Maximum availability without risk: Spot market scoring explained - Spot.io

Maximum availability without risk: Spot market scoring explained

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Using spot instances for mission-critical workloads always carried the risk of interruptions, making their use, while financially attractive, less than ideal from a reliability perspective. Spot by NetApp has made it possible for cloud consumers to use spot instances for dramatic cost savings while ensuring high availability for all kinds of workloads. Core to our cloud infrastructure offerings is Spot Availability Scores, which are leveraged to provide maximum availability while mitigating risks. 

Intelligent, continuous and automated spot selection

The AWS Spot market has approximately 15,000 spot instance capacity pools across the globe, each uniquely defined by its region/availability zone, instance type, size and operating system. With spot availability based on ever-changing supply and demand, determining which spot instances have longevity and which will be terminated requires access to significant amounts of data—both historical and current EC2 consumption—upon which machine learning algorithms can learn to accurately predict capacity pool behavior.   

With billions of events collected by our platform, Spot by NetApp has access to this unique data. Coupled with our predictive rebalancing algorithm, we are able to reliably predict—up to 90%—which spot instances will be interrupted and which will have greater longevity, giving our customers the lowest cost cloud compute and enterprise-level SLA for high availability.

One of the core components of the predictive rebalancing feature set is Spot market availability scoring. Spot market availability scores are determined based on capacity and behavior, as well as dynamic variables like long-term seasonality (e.g., the black Friday period) and short-term changes (e.g., an interruption that occurred a minute ago). Predictive rebalancing is a set of features that continuously optimize the mix of underlying instances to ensure cost optimization with high availability. Rebalancing features, including minimum instance lifetime and the ability to revert back to preferred configurations, utilize availability scores significantly to execute actions.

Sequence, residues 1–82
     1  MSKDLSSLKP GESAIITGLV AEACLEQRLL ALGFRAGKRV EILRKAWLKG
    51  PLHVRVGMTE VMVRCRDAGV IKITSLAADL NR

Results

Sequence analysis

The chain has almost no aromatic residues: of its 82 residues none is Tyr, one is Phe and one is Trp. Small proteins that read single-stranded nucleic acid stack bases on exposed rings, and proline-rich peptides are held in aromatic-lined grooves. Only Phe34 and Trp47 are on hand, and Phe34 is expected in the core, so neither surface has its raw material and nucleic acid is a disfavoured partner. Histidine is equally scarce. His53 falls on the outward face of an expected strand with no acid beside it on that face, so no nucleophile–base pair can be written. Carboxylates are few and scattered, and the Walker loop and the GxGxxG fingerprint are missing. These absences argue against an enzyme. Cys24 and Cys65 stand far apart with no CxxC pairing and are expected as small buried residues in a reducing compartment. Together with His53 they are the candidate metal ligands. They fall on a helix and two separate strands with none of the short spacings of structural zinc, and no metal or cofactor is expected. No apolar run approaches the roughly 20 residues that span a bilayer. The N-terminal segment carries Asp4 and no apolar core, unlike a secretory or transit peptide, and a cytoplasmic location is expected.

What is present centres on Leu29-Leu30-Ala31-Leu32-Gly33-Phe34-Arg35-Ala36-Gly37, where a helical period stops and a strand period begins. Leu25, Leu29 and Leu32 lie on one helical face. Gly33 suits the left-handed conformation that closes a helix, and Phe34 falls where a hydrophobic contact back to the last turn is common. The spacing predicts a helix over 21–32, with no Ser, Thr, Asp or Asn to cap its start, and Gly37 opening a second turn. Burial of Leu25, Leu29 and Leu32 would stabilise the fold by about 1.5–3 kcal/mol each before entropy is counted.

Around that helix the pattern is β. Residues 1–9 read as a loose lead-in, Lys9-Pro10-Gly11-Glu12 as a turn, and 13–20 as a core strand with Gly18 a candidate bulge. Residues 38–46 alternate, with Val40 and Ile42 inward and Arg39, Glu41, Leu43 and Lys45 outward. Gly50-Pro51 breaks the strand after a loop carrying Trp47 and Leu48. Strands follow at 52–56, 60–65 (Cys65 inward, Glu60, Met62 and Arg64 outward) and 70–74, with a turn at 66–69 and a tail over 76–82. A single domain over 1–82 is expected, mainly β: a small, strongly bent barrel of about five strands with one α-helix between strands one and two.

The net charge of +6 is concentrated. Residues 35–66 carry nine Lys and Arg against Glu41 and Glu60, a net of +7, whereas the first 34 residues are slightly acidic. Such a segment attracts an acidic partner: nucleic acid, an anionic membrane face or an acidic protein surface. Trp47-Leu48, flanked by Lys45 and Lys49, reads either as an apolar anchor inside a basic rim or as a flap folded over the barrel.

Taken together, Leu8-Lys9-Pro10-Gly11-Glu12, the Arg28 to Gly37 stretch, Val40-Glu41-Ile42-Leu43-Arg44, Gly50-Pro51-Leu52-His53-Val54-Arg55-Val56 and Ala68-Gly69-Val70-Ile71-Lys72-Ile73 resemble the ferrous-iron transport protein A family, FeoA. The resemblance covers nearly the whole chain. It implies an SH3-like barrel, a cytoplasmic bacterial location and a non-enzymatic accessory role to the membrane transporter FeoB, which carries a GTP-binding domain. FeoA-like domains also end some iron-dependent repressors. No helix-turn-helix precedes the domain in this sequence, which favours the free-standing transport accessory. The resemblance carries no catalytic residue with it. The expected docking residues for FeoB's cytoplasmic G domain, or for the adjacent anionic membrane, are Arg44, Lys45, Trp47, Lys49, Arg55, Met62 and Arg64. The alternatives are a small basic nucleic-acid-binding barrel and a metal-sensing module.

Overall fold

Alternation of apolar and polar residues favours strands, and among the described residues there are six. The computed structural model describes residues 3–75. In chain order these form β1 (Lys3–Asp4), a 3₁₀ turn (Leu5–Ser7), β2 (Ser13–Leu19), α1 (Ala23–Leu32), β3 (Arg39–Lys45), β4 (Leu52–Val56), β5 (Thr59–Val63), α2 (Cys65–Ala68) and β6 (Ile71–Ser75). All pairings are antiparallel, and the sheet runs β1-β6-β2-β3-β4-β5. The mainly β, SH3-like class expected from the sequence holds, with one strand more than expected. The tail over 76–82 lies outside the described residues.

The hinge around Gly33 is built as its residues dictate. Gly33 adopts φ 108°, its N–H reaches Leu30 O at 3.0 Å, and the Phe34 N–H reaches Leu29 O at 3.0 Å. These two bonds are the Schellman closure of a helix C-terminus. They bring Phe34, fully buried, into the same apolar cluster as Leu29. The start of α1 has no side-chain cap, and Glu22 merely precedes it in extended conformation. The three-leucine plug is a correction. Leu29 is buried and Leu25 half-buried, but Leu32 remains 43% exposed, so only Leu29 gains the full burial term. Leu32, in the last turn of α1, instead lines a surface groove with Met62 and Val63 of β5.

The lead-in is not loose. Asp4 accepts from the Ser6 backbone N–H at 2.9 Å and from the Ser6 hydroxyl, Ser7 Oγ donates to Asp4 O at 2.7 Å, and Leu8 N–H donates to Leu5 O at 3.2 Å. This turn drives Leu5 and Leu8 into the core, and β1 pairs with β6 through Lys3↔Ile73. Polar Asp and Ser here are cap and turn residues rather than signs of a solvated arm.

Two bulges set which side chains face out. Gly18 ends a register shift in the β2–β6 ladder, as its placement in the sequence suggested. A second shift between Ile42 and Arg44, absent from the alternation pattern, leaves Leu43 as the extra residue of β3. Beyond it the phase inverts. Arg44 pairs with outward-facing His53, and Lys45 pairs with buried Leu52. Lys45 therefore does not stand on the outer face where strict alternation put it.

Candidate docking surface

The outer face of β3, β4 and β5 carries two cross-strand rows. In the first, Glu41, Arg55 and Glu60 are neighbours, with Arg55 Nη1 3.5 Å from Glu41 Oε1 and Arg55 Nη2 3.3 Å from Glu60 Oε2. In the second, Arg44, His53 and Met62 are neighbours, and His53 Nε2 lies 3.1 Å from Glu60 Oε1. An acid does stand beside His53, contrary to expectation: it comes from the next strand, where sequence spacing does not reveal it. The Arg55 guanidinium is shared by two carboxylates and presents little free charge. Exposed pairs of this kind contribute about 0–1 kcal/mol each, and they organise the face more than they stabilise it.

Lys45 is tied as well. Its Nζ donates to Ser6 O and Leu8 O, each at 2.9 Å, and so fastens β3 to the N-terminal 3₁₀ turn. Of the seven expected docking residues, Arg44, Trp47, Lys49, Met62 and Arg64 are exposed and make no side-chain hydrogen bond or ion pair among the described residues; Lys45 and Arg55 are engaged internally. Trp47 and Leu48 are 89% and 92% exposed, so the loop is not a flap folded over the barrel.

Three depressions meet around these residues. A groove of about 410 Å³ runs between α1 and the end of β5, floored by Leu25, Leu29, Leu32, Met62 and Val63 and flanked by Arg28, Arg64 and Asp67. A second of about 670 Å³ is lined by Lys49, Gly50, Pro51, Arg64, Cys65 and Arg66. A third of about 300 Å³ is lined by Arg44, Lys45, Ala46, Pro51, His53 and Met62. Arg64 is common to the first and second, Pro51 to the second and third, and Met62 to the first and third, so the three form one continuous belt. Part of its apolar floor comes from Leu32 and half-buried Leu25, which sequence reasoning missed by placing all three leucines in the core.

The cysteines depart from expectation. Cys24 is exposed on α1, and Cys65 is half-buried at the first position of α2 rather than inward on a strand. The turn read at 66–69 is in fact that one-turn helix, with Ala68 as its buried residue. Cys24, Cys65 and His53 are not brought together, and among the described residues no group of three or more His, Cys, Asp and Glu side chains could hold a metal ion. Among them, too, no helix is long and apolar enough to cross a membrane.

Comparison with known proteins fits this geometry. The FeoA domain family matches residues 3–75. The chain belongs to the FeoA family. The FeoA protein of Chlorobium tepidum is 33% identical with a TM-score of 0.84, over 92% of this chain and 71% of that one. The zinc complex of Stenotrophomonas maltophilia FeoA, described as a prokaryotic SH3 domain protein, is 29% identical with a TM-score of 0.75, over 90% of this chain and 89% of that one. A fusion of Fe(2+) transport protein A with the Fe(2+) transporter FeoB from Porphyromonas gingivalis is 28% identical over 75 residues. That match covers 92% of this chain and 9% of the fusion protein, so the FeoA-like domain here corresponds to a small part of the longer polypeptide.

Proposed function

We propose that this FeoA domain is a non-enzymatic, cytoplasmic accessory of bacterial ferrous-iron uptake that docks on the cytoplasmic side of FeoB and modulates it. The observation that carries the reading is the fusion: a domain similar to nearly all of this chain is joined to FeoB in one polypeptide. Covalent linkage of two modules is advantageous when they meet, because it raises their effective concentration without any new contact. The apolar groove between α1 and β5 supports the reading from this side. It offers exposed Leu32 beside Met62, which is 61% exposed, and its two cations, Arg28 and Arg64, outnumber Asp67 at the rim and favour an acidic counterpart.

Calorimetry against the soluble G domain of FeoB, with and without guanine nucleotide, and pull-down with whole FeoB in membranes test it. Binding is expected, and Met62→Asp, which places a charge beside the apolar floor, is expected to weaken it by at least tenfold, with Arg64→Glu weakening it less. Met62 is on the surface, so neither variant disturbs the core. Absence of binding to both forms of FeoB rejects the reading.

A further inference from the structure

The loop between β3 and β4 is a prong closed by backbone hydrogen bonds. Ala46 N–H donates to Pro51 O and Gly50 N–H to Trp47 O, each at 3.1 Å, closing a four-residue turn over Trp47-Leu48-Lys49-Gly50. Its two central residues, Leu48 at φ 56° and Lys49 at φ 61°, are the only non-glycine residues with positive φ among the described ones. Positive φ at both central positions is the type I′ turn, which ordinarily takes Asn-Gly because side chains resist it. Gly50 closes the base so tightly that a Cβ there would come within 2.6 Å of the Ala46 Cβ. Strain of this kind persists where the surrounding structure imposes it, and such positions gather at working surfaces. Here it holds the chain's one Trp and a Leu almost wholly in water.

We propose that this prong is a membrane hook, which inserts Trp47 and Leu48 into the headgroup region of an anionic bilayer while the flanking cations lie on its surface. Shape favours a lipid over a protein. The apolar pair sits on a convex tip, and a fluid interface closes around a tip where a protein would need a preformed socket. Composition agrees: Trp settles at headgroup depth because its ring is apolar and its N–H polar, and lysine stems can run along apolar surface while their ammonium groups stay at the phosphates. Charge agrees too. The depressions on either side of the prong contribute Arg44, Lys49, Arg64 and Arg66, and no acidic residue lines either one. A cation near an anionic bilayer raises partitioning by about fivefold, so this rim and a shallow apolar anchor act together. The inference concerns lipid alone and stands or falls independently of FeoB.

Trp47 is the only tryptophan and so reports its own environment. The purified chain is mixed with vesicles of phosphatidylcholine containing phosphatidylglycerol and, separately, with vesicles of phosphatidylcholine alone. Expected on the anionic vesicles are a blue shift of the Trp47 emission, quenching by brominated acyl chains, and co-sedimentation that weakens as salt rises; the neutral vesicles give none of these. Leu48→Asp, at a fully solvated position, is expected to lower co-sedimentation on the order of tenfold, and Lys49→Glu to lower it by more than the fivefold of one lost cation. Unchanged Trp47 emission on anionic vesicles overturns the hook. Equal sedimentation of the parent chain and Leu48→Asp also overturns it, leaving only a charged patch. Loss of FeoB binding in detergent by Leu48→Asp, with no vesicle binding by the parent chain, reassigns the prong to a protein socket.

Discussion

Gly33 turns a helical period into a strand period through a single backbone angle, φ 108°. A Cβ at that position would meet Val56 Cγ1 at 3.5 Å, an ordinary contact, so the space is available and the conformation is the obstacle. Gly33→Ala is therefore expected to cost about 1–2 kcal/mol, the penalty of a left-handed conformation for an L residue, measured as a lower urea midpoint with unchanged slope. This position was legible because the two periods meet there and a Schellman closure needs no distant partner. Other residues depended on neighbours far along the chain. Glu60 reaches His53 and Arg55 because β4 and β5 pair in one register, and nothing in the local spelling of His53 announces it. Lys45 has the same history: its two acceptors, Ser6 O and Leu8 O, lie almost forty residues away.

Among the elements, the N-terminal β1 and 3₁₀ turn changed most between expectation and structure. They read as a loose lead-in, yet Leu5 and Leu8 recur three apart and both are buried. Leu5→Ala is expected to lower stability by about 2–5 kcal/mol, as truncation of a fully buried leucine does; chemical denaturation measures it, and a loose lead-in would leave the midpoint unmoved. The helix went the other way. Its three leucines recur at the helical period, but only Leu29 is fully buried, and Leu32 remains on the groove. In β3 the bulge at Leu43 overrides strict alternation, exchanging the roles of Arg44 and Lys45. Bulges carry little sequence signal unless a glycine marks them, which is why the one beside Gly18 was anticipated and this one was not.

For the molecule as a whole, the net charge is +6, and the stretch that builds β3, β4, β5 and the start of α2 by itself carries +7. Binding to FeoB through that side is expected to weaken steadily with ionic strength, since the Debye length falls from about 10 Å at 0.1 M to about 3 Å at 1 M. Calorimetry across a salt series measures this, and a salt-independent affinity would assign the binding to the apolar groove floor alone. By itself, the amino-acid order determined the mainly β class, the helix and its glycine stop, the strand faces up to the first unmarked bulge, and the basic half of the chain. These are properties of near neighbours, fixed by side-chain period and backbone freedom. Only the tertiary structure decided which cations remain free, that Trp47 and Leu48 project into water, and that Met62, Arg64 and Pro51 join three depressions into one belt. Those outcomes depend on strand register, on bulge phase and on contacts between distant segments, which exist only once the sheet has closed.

choosing spot instances with greatest longevity
Figure1: Based on a scale of 0 to 100 and dynamic thresholds that change according to the market trends, application behavior, and customer preferences, Spot by Netapp’s Elastigroup and Ocean decide which markets should run properly at a certain point in time.

Availability scoring as a data source for optimization

AWS recently announced EC2 Spot placement score, a new capability that allows customers to obtain some insight into the availability of capacity pools. The AWS placement scoring uses a scale from 1 to 10, with 10 indicating that a spot request is highly likely to succeed, and one suggesting that it will not. 

While this availability scoring improves the experience of creating and updating configurations of autoscaling groups that use spot instances, it only provides insight into launch-instance operations and does not address market stability considerations needed for continuous optimization and automation. AWS allows users to query scores via an API, but they have the right to limit API calls if  they “detect patterns not associated with the intended use of the Spot placement score feature.”